Cantar-X3, the highlight of the AFC and AFSI’s joint visit to Aaton-Digital’s Grenoble location

By Jean-Noël Ferragut, AFC, and Philippe Ros, AFC

par Jean-Noël Ferragut La Lettre AFC n°245

[English] [français]

Accepting the kind invitation of Jacques Delacoux, CEO of Transvideo and Aaton Digital, a delegation of AFC and AFSI (French Association of Film and Television Sound) members travelled to 2, rue de la Paix in Grenoble (Isère Department) on 9 July 2014. This historical place, where Jean-Pierre Beauviala and his co-workers have been designing and manufacturing, inter alia, Aaton cameras and the Cantar-X, the company’s first digital recorder, and where the company with the promising future is currently creating its latest innovation, the Cantar-X3.
Les membres "AFC-AFSI" en compagnie de l’équipe quasi au complet d’Aaton-Digital
Les membres "AFC-AFSI" en compagnie de l’équipe quasi au complet d’Aaton-Digital
De g. à d. : Philippe Ros, Gilles Deshays, Frédéric Ullman, Pascal Grillère, Jean-Noël Ferragut, Elisabeth Perrin, Frédéric Mangeat, Michel Cassang, Pierre Michoud, Olivier Le Vacon, Paul Thilloy, Yves Rivière, Jacques Delacoux, Sébastien Brum (d’Aaton-Digital, manquent ci-dessus : Jean-Pierre Charras, Caroline Hostalier, Nicolas Pinault, Sébastien Reyes) - Photo "au retardateur" Jacques Delacoux

Alongside the new boss, Pierre Michoud gave the visitors a grand tour of the headquarters and introduced them to the people with whom he is perfecting the successor device to its very highly predecessors, the Cantar-X and X2. For those who might not be familiar with the long history of the Grenoble company, the two- and three-story workshops located on either side of the rue de la Paix might seem completely empty.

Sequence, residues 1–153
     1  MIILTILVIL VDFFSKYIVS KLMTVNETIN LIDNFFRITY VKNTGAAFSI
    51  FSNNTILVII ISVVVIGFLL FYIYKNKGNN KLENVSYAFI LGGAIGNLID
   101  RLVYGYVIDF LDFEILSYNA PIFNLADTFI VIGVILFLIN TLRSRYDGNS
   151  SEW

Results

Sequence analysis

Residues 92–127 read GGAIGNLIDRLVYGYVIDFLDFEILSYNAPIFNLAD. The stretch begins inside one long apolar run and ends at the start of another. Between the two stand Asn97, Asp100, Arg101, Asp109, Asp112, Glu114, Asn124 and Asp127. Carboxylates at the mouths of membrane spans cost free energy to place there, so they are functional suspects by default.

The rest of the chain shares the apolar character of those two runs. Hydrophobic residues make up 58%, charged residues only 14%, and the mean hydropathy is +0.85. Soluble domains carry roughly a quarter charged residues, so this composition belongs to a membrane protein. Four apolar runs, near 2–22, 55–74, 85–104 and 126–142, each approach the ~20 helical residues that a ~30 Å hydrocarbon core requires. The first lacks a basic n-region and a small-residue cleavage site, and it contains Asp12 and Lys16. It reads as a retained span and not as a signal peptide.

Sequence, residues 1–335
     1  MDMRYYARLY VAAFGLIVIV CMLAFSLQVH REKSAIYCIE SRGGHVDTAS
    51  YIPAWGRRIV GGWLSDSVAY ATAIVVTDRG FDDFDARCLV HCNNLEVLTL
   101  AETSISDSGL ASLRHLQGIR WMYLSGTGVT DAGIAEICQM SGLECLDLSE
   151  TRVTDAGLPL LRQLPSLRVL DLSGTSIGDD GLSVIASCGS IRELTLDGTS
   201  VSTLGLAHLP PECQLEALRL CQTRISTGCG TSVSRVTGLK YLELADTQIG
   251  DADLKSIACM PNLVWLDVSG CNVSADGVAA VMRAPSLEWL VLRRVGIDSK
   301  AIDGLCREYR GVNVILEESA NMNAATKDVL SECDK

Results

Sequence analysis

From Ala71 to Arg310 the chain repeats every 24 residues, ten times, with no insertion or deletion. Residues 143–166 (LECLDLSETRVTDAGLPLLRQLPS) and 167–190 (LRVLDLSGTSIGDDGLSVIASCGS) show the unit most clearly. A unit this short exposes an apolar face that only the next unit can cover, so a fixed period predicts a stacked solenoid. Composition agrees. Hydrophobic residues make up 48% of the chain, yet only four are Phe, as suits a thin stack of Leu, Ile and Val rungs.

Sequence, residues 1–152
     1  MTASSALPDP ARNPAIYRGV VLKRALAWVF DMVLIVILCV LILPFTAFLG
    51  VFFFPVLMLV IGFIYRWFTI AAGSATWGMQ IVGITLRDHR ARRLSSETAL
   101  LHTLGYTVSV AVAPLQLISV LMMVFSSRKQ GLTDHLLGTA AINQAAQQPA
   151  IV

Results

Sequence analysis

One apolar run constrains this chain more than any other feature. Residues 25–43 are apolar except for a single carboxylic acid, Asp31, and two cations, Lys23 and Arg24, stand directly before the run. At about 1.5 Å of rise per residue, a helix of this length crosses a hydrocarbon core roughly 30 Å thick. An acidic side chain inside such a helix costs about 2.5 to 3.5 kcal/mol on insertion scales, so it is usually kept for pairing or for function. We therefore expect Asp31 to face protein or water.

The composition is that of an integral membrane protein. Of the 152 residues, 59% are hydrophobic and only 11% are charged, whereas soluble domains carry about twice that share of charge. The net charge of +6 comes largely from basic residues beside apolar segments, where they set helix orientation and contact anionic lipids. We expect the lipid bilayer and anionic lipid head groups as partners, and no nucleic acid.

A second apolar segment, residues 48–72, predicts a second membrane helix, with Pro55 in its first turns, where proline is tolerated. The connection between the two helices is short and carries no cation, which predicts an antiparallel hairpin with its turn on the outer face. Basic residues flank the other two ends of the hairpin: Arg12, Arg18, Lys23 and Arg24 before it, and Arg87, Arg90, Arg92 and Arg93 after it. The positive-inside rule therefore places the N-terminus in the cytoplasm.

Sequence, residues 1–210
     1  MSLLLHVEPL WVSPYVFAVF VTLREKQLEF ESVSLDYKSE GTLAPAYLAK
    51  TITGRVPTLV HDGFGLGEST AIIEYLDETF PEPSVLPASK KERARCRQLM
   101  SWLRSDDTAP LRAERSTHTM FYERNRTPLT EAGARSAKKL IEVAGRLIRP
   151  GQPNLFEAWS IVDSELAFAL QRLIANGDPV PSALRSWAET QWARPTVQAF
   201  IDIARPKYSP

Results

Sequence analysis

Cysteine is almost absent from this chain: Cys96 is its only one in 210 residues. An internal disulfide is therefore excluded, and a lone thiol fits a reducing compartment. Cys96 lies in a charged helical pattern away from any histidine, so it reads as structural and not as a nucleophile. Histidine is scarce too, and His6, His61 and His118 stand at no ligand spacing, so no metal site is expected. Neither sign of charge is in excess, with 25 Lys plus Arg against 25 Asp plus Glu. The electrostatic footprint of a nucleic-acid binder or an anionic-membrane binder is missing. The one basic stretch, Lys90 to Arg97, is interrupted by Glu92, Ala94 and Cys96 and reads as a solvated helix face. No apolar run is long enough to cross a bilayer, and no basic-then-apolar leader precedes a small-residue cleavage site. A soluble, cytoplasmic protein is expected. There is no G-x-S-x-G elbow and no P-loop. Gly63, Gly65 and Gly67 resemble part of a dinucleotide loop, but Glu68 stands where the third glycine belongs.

That is because of the fifty people that used to work here in the 1980s manufacturing 16 and 35mm cameras at a time when the mainland Chinese market was rapidly expanding, only a dozen engineers remain, and their job is to work out the last details of the future Cantar-X3 before it is sent to production. Nonetheless, an Aaton repair shop and Cantar diagnostic centre remain open in case of need…to the immense pleasure of our sound engineer friends who had the unprecedented opportunity of having them all to themselves and took advantage of their availability to discuss every little button, the more than sixteen digital or analogue ports, recording tracks, microphone pre-amp, battery life, chassis, ergonomics, design, colour, and, of course, the large display screen created by…Transvidéo.

There were a lot of discussions on the Cantar X3’s case, which was not created by a foundry, but rather by a sophisticated manufacturing process using aviation-grade aluminium, giving it both lightness and solidity. There were lots of touch tests on “faders” and the potentiometers that have no mechanical connection thanks to magnets that allow the device to be completely sealed. There was really a passion to communicate the attention to detail and quality on every last aspect of the Cantar-X3.
It was a pleasure to listen to this discussion, whose quality is a privilege of these human-sized companies. We realized that all these engineers that we know for their work on the XTR, Penelope, or Delta cameras were capable of going from image to sound, analogue to digital with a disconcerting ease.

Thank you to Jacques Delacoux, Pierre Michoud and to the men and women of Aaton-Digital who took valuable time to meet us and to perfect the world of sound recording in just a few hours time !
The following people participated in the trip to Grenoble : for the AFSI, Michel Casang, Olivier Le Vacon, and Frédéric Ullman, accompanied by Gilles Deshays (DCA), and for the AFC, Jean-Noël Ferragut and Philippe Ros.

PS A prototype of the Cantar-X3 was presented at the IBC Salon in Amsterdam from 12 to 16 September 2014 (Aaton-Digital / Transvideo, Hall 11, stand 11.F31).

(See on top, the detail of a Cantar-X3 circuit board on a computer screen, one of the tools of the trade used by Aaton-Digital’s engineers – Photo by JN Ferragut)